But the most extreme elements of Netanyahu’s extremist coalition were too committed to their vision of an Israel unrestrained by the rule of law. Minister Itamar Ben-Gvir, the head of the Kahanist Otzma Yehudit faction, threatened to bring down the government if the judicial program were not brought to a Knesset vote. To appease him, and to remain in power (and perhaps out of jail), in an extremely dangerous move, Netanyahu agreed to create a new armed militia and place it under Ben-Gvir’s direct control. It must be said that Ben-Gvir never served in the Israel Defense Forces. Not because he didn’t want to but because the Army determined he was too violent, too dangerous, to serve. In a country with a universal draft, Ben-Gvir failed to pass muster.

Netanyahu bequeathed this prize upon Ben-Gvir to prevent him from toppling the government. Only then could Netanyahu announce a temporary pause for the judicial overhaul bill package, until after the Pesach holiday.

Israel’s president, Isaac Herzog, whose call for compromise had been refused by the government, again has invited all sides to the table.

Demonstrators left the streets, and Histadrut leaders called off their strike but warned it would be renewed if the legislation were brought to a Knesset vote.

The politicians do not represent the demonstrators. For the protesters, there can be no compromise of Israel’s democratic future. And the best thing we as American Jews can do for Israel is to speak out in their support.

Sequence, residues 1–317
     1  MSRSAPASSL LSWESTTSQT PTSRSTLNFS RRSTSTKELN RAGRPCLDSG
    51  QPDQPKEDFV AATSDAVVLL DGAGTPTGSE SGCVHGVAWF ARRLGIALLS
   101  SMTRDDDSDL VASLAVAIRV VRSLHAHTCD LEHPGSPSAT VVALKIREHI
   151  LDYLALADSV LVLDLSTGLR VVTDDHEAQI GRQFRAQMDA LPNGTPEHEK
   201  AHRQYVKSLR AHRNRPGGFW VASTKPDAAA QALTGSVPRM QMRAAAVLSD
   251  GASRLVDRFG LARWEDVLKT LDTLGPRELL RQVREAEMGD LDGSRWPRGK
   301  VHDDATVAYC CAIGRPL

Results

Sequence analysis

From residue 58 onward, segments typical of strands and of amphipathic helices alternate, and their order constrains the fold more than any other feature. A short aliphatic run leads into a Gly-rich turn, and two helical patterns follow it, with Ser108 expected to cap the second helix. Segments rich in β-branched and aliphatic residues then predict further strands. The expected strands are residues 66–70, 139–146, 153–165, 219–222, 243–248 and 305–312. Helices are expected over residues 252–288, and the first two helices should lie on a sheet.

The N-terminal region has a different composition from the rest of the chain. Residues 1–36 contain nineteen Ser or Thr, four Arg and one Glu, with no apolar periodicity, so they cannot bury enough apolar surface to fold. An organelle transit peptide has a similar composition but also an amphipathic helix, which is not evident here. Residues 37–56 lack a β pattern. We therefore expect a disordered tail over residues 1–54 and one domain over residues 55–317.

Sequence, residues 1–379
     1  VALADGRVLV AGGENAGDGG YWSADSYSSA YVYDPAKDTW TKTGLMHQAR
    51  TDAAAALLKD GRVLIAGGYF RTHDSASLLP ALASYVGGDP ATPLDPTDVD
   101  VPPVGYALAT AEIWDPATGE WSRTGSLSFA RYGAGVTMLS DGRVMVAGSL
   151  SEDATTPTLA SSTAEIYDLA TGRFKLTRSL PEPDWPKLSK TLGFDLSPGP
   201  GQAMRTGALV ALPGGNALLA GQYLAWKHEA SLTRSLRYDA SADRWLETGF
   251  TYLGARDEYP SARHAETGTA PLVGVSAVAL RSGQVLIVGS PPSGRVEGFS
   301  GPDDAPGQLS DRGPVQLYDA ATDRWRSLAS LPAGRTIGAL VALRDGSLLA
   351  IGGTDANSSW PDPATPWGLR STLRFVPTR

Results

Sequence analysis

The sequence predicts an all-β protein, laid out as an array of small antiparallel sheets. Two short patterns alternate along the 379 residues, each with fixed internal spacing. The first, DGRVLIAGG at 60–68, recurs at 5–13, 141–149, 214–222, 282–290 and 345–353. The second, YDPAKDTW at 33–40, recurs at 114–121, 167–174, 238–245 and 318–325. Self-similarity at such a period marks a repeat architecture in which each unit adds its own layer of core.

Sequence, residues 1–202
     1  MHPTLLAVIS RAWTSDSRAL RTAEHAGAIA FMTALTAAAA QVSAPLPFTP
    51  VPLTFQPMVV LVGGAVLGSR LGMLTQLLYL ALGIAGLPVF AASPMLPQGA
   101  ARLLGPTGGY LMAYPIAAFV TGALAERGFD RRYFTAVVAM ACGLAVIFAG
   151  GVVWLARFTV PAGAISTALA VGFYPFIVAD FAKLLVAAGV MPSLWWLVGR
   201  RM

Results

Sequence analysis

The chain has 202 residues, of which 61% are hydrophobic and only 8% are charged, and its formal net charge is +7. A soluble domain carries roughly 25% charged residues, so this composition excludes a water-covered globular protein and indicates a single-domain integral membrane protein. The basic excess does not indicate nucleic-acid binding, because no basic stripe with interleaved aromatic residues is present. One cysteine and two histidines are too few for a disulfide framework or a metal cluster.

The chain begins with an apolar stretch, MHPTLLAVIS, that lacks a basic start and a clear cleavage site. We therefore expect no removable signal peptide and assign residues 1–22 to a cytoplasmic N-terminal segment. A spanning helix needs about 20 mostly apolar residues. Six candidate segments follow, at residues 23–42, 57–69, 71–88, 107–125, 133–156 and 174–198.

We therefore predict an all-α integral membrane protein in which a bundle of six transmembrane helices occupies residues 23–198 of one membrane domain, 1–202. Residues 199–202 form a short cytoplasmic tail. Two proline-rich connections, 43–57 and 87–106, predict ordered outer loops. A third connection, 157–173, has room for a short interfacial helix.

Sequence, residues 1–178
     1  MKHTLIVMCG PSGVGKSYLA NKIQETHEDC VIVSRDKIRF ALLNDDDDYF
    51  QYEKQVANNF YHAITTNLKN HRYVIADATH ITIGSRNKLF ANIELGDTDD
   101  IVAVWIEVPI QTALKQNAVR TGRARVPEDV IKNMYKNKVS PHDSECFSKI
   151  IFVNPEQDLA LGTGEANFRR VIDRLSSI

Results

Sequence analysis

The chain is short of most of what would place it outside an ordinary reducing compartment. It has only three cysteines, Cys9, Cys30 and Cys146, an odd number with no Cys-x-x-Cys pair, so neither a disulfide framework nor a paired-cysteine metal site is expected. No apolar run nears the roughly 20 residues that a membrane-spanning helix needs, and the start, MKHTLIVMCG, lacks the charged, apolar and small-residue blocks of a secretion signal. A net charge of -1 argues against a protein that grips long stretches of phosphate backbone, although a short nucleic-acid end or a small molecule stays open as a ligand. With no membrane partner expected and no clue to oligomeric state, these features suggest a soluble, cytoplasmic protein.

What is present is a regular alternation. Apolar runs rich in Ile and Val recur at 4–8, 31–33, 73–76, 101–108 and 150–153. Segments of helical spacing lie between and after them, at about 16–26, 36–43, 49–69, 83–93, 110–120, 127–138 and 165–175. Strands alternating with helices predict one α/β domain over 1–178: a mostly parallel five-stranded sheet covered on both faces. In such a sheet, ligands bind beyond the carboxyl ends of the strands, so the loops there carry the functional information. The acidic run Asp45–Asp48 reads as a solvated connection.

For the future of a Jewish and democratic Israel, we need to ensure that this speed bump turns into a dead end.

Dr. Mark Gold of Teaneck holds a Ph.D. in economics from NYU. He is on the executive board of Partners for Progressive Israel, a member organization of the American Zionist Movement and an affiliate of the World Union of Meretz.

Hiam Simon of Englewood is the past chief operating officer of Ameinu, the leading progressive Zionist membership organization in the United States. He lived in Israel for many years, where he was the dean of students at what is now the Alexander Muss High School, and he served in the IDF as a noncommissioned officer in the artillery.

read more: